1 cup sugar
2 sticks unsalted butter, at room temperature
1/2 teaspoon vanilla extract
Preheat over to 350 degrees. Combine flour and baking powder in a mixing bowl and stir with a whisk to combine. Set aside. In the bowl of an electric stand mixer combine sugar and butter. Mix on medium speed until fluffy. Add the egg and vanilla and beat until combined. Slowly add the flour, about 1/2 cup at a time, and mix until well combined. Scrape down the sides as needed.
Lightly flour the worksurface, the rolling pin, and your hands. Place about 1/3 of the dough in the center of your worksurface and roll out until about 1/4″ thick. Cut into shapes and transfer to a baking sheet lined with parchment paper (preferred method, but I was all out, so I just a non-stick baking spray). Bake for 10 minutes. Remove from oven and transfer to wire cooling racks using a thin spatula until completely cooled.
Royal Icing recipe:
4 cups powdered sugar
2 tablespoons meringue powder
5-6 tablespoons water
Sift the powdered sugar into the bowl of a stand mixer. This will eliminate any lumps from the icing. Add meringue powder and water. Mix on medium speed until the shininess is gone, usually about 8-10 minutes for me. You want the icing at this point to be thick enough that it piles up on itself when dripped, as shown in the picture below.
At this point I transfer the icing I will use for piping (about 1/2 cup) into airtight bowl (the disposable kind work great for this) and add the color. Cover the remaining icing in the mixing bowl tightly.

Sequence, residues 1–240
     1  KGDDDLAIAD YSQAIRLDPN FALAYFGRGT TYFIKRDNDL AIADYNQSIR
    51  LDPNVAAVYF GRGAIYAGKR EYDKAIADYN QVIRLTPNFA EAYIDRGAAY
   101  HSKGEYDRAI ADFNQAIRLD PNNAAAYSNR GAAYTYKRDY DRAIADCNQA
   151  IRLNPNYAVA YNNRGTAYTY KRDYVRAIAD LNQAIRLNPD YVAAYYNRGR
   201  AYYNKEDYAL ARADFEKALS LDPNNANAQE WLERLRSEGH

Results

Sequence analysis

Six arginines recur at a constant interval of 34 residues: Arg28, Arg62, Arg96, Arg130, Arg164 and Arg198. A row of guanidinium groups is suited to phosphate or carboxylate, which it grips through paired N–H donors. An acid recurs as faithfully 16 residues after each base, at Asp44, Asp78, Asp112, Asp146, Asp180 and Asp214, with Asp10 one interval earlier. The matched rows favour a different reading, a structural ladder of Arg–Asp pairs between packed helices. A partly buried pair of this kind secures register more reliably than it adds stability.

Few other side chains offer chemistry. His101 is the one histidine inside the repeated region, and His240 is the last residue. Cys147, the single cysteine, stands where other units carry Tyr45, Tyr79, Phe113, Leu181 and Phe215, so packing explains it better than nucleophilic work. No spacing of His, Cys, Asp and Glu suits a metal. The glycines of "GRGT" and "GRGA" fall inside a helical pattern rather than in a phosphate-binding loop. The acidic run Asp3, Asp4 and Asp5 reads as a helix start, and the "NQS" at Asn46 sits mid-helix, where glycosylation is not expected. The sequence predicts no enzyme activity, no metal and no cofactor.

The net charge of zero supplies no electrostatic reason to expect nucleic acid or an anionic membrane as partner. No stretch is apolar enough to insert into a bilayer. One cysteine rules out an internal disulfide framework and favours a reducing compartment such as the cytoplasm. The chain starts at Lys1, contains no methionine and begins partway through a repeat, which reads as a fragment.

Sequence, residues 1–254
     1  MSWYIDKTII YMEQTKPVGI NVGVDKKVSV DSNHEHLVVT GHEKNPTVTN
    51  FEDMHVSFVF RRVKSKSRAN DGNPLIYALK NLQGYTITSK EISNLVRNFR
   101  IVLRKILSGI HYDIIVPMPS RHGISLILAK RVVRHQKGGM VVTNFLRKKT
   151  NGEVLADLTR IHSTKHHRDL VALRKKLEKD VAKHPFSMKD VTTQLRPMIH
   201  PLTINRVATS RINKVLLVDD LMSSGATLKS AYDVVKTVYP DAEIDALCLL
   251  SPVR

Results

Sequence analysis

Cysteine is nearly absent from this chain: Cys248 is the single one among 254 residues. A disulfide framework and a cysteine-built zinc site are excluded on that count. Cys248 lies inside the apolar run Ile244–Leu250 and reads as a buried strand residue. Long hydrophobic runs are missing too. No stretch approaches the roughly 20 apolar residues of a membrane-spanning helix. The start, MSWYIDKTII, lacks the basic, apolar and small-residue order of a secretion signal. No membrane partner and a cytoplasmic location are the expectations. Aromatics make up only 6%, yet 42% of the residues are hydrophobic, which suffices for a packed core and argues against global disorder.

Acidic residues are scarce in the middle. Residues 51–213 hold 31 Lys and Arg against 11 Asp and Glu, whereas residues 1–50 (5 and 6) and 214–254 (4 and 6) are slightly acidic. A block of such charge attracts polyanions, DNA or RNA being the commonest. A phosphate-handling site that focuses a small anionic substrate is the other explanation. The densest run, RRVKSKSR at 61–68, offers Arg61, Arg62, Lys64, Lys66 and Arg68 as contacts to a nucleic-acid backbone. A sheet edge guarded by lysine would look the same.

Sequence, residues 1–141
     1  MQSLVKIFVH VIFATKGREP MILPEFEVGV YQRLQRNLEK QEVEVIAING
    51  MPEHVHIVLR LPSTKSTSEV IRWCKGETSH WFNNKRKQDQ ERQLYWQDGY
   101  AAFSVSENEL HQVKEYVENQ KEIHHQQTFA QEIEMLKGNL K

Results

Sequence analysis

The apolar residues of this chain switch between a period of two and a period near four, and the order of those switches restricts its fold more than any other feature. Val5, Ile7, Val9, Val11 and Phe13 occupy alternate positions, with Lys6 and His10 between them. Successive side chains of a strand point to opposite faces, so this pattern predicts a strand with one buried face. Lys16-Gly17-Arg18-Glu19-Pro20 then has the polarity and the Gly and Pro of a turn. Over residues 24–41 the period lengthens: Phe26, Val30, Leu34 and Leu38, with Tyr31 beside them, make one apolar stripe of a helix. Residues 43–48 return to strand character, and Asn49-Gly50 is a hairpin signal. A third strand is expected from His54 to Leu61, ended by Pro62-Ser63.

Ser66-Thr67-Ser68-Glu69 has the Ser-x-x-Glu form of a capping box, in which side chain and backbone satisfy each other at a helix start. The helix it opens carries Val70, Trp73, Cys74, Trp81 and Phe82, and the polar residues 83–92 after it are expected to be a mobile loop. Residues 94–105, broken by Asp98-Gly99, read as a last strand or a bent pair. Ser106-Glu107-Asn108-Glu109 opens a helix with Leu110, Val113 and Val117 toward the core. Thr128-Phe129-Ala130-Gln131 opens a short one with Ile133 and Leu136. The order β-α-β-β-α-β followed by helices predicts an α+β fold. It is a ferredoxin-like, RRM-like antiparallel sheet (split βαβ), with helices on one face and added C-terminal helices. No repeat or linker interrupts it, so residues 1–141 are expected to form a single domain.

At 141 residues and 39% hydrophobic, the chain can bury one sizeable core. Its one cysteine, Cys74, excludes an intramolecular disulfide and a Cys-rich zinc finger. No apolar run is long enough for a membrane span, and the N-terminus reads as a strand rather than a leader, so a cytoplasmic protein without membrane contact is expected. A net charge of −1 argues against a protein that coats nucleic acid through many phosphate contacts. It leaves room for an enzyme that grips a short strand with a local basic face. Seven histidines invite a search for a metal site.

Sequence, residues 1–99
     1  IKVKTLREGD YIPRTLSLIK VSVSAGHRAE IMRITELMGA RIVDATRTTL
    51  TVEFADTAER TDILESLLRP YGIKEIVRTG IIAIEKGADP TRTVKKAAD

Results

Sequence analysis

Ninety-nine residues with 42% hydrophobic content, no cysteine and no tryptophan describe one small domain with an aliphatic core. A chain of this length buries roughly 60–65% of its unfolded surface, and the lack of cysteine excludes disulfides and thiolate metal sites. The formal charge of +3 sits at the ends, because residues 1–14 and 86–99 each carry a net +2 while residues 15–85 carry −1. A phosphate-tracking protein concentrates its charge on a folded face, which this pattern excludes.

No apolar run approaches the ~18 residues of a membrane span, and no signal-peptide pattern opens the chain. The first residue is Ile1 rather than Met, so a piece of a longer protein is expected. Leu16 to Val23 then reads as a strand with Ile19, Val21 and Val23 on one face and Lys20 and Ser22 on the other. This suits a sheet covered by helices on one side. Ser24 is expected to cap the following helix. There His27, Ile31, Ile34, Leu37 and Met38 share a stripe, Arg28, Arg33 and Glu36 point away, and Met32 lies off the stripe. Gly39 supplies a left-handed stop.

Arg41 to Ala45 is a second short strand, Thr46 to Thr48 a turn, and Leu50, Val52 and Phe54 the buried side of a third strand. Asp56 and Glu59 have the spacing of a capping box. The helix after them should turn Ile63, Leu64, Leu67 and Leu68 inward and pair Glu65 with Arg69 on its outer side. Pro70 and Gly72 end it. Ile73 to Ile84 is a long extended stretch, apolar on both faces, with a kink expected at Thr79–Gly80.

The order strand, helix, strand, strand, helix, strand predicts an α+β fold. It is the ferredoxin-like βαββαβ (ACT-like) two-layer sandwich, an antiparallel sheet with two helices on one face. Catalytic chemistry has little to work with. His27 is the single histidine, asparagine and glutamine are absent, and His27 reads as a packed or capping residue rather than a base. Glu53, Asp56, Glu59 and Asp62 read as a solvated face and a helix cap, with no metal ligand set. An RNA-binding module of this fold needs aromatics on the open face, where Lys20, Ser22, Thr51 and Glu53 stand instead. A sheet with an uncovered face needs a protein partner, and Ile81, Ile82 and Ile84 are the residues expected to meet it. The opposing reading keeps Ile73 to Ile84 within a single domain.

Add water to the colored icing if necessary, a few drops a a time, to get the desired consistency for piping, which should still be fairly thick. Transfer icing into a pastry bag fitted with a tip for piping – I like to use a #2 tip. Pipe the outline you want onto each cookie. Set aside to dry for at least 30 minutes.
Place about 1 cup of the remaining icing into another small bowl and add the color. This icing will be used for flooding, so it will need to be thinned with a few more drops of water. Place the flood icing into a squeeze bottle, or you can use a zip top bag with the corner snipped off. Gently flood the area inside the piping, using a toothpick to spread it out to the edges. Let dry at least 30 minutes or more, depending on the thickness of the icing.
Once it’s dry you can go back and repeat the steps for piping the icing to add details to the designs, or leave as is.
The cookies with the initials on them have only piped icing, no flooding. Let everything dry overnight before packing into containers or bags.
Share and enjoy!
**Here’s a list of the people who inspired me to join Frosting for the Cause, and whose initials are on these cookies**:
Alison, my childhood best friend, diagnosed with breast cancer at age 33.
Pat, Alison’s mother, died of breast cancer at age 33
Ed, my Grandfather, diagnosed with lung cancer at age 82
Ruby, my Grandmother, died of melanoma at age 75
Brenda, my mother, diagnosed with lymphoma at age 63
Elaine, my mother-in-law, died of pancreatic cancer at age 62
Tommy, my uncle, died of colon cancer at age 52
Robin, my dear friend, diagnosed with ovarian cancer at age 28
Susan, me, diagnosed with cervical cancer at age 23